Jumu'ah (Arabic: صلاة الجمعة, ṣalāt al-jumu‘ah), also known as Friday Prayer or Congregational Prayer, is a prayer (ṣalāt) that Muslims hold every Friday, just after noon instead of the Zuhr prayer. Muslims ordinarily pray five times each day according to the sun's sky path regardless of time zones.[1] Jumu’ah means Friday in the Arabic language


Salaat-ul-Jumu'ah (the Friday prayer), is a religious prayer which takes the place of the daily afternoon prayer (Zuhr prayer, Arabic: ṣalāt aẓ-ẓuhr) on Friday. It is one of the most exalted Islamic rituals and one of its confirmed obligatory acts.[2]


Al-Jumu'ah is derived from the verb ijta'ama which means the gathering together of people.[3]


There is consensus among all the Muslims regarding the Friday prayer (salat al-jumu’ah) being wajib in accordance with the Quranic verse, as well as the many traditions narrated both by Shi’i and Sunni sources. According to the majority of Sunni schools and some Shiite jurists, Friday prayer is a religious obligation,[4] but their differences were based on whether its obligation is conditional to the presence of the ruler or his deputy in it or if it is wajib unconditionally. The Hanafis and the Imamis believe that the presence of the ruler or his deputy is necessary; the Friday prayer is not obligatory if neither of them is present. The Imamis require the ruler to be just (‘adil); otherwise his presence is equal to his absence. To the Hanafis, his presence is sufficient even if he is not just. The Shafi‘is, Malikis and Hanbalis attach no significance to the presence of the ruler.[5]

Moreover, it has been stated that Jumu'ah is not obligatory for old men, children, women, slaves (who were present until Islam banned it), travellers, the sick, blind and disabled, as well as those who are outside the limit of two farsakhs.[6]

In the Quran

It is mentioned in the Quran:

O ye who believe! When the call is proclaimed to prayer on Friday (the Day of Assembly, yawm al-jumu'ah), hasten earnestly to the Remembrance of Allah, and leave off business (and traffic): That is best for you if ye but knew!
And when the Prayer is finished, then may ye disperse through the land, and seek of the Bounty of Allah: and celebrate the Praises of Allah often (and without stint): that ye may prosper.

Qur'an, sura 62 (Al-Jumua), āyāt 9-10[7]

In Sunnah

From hadith:

Narrated Abu Huraira: The Prophet said, "On every Friday the angels take their stand at every gate of the mosques to write the names of the people chronologically (i.e. according to the time of their arrival for the Friday prayer) and when the Imam sits (on the pulpit) they fold up their scrolls and get ready to listen to the sermon."

Muslim ibn al-Hajjaj an-Naysaburi relates that the Islamic prophet Muhammad used to read Surah 87 (Al-Ala) and Surah 88, (Al-Ghashiya), in Eid Prayers and also in Friday prayers. If one of the festivals fell on a Friday, Muhammad would have made sure to read these two Surahs in the prayers.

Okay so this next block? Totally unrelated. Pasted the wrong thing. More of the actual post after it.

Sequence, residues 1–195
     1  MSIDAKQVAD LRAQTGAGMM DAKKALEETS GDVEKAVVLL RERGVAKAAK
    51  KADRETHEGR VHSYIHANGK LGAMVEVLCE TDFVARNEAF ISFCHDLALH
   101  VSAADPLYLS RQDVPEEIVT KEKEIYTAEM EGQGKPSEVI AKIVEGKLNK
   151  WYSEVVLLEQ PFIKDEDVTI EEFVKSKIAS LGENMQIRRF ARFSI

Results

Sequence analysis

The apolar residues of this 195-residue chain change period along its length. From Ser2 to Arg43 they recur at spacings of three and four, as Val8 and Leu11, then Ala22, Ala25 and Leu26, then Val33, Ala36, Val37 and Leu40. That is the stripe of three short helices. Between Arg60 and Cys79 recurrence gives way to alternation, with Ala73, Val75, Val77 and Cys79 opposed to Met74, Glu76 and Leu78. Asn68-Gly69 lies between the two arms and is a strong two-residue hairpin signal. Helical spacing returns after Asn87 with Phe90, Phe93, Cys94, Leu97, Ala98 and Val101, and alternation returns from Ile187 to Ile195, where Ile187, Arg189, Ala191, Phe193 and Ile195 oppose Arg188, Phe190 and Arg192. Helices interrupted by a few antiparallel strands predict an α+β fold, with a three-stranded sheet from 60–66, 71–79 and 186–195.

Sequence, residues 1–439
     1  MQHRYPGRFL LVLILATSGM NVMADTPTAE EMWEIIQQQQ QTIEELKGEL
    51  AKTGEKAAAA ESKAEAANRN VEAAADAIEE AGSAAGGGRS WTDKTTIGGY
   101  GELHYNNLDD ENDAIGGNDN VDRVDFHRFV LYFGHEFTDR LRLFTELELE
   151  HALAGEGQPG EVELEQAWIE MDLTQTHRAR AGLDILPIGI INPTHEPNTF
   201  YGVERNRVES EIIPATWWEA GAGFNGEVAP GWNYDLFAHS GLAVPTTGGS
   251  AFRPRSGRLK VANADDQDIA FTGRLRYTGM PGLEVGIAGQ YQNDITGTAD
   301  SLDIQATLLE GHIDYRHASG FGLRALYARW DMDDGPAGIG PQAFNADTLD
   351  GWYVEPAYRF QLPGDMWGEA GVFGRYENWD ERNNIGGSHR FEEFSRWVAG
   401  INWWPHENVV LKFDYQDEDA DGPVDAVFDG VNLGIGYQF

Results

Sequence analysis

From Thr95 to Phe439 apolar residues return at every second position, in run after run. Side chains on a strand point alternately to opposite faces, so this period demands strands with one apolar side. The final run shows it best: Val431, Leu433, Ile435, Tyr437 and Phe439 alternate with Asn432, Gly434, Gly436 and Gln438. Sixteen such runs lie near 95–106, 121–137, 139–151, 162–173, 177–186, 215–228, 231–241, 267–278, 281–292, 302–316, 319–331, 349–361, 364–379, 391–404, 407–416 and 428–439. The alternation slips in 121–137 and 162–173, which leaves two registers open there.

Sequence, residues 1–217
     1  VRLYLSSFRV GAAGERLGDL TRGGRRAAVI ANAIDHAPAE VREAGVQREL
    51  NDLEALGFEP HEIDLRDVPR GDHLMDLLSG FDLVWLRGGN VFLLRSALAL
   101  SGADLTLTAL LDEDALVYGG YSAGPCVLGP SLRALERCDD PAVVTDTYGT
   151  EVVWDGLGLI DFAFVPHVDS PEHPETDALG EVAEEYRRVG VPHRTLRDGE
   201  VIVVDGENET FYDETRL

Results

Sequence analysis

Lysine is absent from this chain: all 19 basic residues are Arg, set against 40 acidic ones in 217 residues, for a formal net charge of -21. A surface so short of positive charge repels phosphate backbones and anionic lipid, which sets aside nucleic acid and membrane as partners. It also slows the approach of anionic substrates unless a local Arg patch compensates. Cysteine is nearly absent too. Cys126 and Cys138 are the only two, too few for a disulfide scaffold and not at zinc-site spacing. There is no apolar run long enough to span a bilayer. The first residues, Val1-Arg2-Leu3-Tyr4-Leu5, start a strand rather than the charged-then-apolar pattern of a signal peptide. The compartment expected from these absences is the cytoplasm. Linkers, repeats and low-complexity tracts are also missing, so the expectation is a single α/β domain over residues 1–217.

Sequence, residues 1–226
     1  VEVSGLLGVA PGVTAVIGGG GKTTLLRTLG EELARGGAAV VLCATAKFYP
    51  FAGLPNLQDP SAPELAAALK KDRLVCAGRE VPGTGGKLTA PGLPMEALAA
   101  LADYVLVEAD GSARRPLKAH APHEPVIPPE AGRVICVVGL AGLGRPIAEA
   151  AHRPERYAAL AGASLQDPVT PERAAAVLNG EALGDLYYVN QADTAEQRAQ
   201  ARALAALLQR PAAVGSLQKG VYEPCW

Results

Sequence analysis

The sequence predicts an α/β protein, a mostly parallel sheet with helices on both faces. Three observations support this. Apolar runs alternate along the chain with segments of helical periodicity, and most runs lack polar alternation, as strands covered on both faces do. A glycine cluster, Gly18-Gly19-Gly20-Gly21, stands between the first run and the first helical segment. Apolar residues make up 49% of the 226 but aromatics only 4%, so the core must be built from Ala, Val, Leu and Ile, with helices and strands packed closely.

Muhammad is quoted as saying “The best day the sun rises over is Friday; on it Allah created Adam. On it, he was made to enter paradise, on it he was expelled from it, and the Last Hour will take place on no other day than Friday.”[ Ahmad and At-At-Tirmithi].

Aws ibn Aws, narrated that Muhammad said: “Whoever performs Ghusl on Friday and causes (his wife) to do ghusl, then goes early to the mosque and attends from the beginning of the Khutbah and draws near to the Imam and listens to him attentively, Allah will give him the full reward of fasting all the days of a year and observing night-vigil on each of its nights for every step that he took towards the mosque.”[Ibn Khuzaymah, Ahmad].

In Sunni Islam

The Jumu'ah prayer is half the Zuhr (dhuhr) prayer, for convenience, preceded by a khutbah (a sermon as a technical replacement of the two reduced rakaʿāt of the ordinary Zuhr (dhuhr) prayer), and followed by a congregational prayer, led by the imām. In most cases the khaṭīb also serves as the imam. Attendance is strictly incumbent upon all adult males who are legal residents of the locality.[9] The muezzin (muʾadhdhin) makes the call to prayer, called the adhan, usually 15–20 minutes prior to the start of Jum'ah. When the khaṭīb takes his place on the minbar, a second adhan is made. The khaṭīb is supposed to deliver two sermons, stopping and sitting briefly between them. In practice, the first sermon is longer and contains most of the content. The second sermon is very brief and concludes with a dua, after which the muezzin calls the iqāmah. This signals the start of the main two rak'at prayer of Jumu'ah.

In Shia Islam

In Shia Islam, Salat al-Jumuah is Wajib Takhyiri (at the time of Occultation),[10][11] which means that we have an option to offer Jumuah prayers, if its necessary conditions are fulfilled, or to offer Zuhr prayers. Hence, if Salat al-Jumuah is offered then it is not necessary to offer Zuhr prayer. It is also recommended by Shiite Scholars to attend Jumu'ah as it will become Wajib after the appearance of Imam al-Mahdi and Jesus Christ (Isa).[12]

Shiite (Imamite) attach high significance to the presence of a just ruler or his representative or Faqih and in the absence of a just ruler or his representative and a just faqih, there exists an option between performing either the Friday or the zuhr prayer, although preference lies with the performance of Friday prayer.[5]